Linotype Machine

The Linotype machine vastly reduced the cost and time needed to prepare printing plates, making newspapers and books faster and less expensive to print.

Described as “the next Gutenberg,” Germany immigrant Ottmar Mergenthaler made typesetting vastly simpler. Whereas before his innovation typesetters would have to look for individual letters, arranging them together, his innovation did this automatically, line-by-line. The Linotype (Line-O-Type) enabled faster and cheaper production of printed material.

Individual letters sit next to one another in pre-Linotype equipment. Typesetting is the term for this process. Returning individual letters to their separate bins was a dull and laborious task. Eight pages were the maximum length of a newspaper before Linotype.

Instead of movable type, the Linotype machine used dies to cast an entire single line of text using molten metal that quickly cooled, called slugs. Finished slugs, stacked into a frame, act as a printing plate. Melted slugs enable reuse after printing.

Whereas Guttenberg worked in a coin mint, Mergenthaler worked as a watchmaker. Both had experience creating small precision parts using molten metals. Mergenthaler worked extensively with the New York Times while inventing the machine.

“I am convinced, gentlemen, that unless some method of printing can be devised which requires no type at all, the method embodied in our invention will be the one used in the future; not alone because it is cheaper, but mainly because it is destined to secure superior quality.”

Ottmar “Ott” Mergenthaler

Movable Type Printing Press


Gutenberg’s father was a minor royal and his mother came from a merchant family; they lived in Mainz, Germany. His father was in charge of running an ecclesiastical mint; they created coins. Growing up, Guttenberg was essentially a jeweler. Gutenberg’s father died in 1419, leaving an inheritance but also a problem. Guttenberg’s father was a royal, barring him from the trade guilds; he could not make jewery. However, his mother came from a common line so he was not a royal, making him ineligible to run a mint or anything similar to what his father had done.

Since it was impossible to hold a traditional job, Gutenberg left, moving to Strasbourg, to work on a new innovation. During the 1440s, Gutenberg envisioned a better way to produce books, using movable type. Before his innovation, the state-of-the-art was to carve pages in wooden blocks, each page one block. This was a time-intensive process that required extensive refinishing to clean up the text. The few books produced were extremely expensive.

School teachers and University professors would read books aloud to students, explaining the material as they went along, while students took notes. Individual books were not available to students due to the high cost.

Movable Type

To lower the cost of printing, and books, Gutenberg invented movable individual letters. Arranged into a block these were then pressed onto a page, the printing press.

Gutenberg used his entire, sizable inheritance creating his press and, more importantly, the supporting infrastructure. He built a foundry and hired workers to make the individual pieces of metal type that were flat and consistent enough they could be arranged into a sheet for printing. Special paper and inks were created that could withstand the high pressure were developed. Finally, the press itself needed to be a more consistent overall pressure than presses meant grapes or other foods, where the press was meant to destroy whatever was being pressed.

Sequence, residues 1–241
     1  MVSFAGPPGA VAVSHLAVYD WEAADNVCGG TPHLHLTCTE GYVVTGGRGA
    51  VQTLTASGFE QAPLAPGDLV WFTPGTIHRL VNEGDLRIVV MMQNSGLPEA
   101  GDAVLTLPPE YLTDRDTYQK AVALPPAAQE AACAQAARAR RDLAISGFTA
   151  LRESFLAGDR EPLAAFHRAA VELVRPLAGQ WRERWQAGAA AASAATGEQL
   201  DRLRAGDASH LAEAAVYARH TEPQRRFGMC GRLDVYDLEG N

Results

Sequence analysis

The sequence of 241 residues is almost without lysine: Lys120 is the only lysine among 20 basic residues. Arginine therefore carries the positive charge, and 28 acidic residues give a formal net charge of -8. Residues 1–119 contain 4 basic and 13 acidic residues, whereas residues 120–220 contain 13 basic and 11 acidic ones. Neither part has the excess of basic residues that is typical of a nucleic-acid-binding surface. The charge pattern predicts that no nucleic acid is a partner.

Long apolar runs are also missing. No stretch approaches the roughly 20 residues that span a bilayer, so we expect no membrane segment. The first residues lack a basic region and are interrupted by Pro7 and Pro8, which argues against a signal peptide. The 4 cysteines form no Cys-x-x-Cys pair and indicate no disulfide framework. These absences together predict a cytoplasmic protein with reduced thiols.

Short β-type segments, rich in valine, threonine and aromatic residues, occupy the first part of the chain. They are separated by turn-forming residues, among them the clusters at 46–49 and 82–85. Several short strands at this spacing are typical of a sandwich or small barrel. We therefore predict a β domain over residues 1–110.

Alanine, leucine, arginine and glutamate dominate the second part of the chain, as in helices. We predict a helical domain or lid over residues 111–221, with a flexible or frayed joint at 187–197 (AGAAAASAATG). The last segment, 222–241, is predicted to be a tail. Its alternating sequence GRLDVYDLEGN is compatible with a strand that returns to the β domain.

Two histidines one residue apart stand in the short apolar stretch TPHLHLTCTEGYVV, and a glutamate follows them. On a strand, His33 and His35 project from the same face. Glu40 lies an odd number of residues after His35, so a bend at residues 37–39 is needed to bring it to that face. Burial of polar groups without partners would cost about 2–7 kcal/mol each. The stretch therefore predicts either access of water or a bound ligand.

Gutenberg decided to match the look of books from the era, which were artisanal pieces, crafted with beautiful variably spaced typography and multiple fonts. He created three entirely different variable spaced fonts, including one that could print in a different color. The elegant fonts vastly increased the cost and complexity of both developing and using his printing press. Eventually, Gutenberg ran out of funds and borrowed money to continue development.

By 1450, Gutenberg had returned to Mainz and was printing calendars and indulgences. In 1452 he borrowed more money to fund a new project, printing bibles. Due to the complexity of typesetting, it took Gutenberg years to create a relatively small number of bibles. By 1455 his primary creditor, Fust, either tired of the project or wanted what today would be called a liquidity event and sued Gutenberg for a debt that was by then about 20,000 guilders. Gutenberg lost, and his equipment, including his press and typefaces, were taken.


Despite Gutenberg’s loss, other printers saw his methods and rapidly copied using lower-cost, lower-quality equipment. They realized the multiple typefaces added enormous cost. For example, they could produce fonts for more than three entirely separate presses for the price Gutenberg’s fonts cost for one press. These good enough quality presses are what soon produced mass-market books. Gutenberg never meaningfully profited from his press though he was eventually given a small church pension. Gutenberg died poor. The location of the grave, of the greatest inventor in history, is unknown.

Gutenberg’s press vastly expanded access to printed material ushering in the reformation and the modern era. His press, along with the wheel and fire, is widely regarded as one of the three most important inventions in history.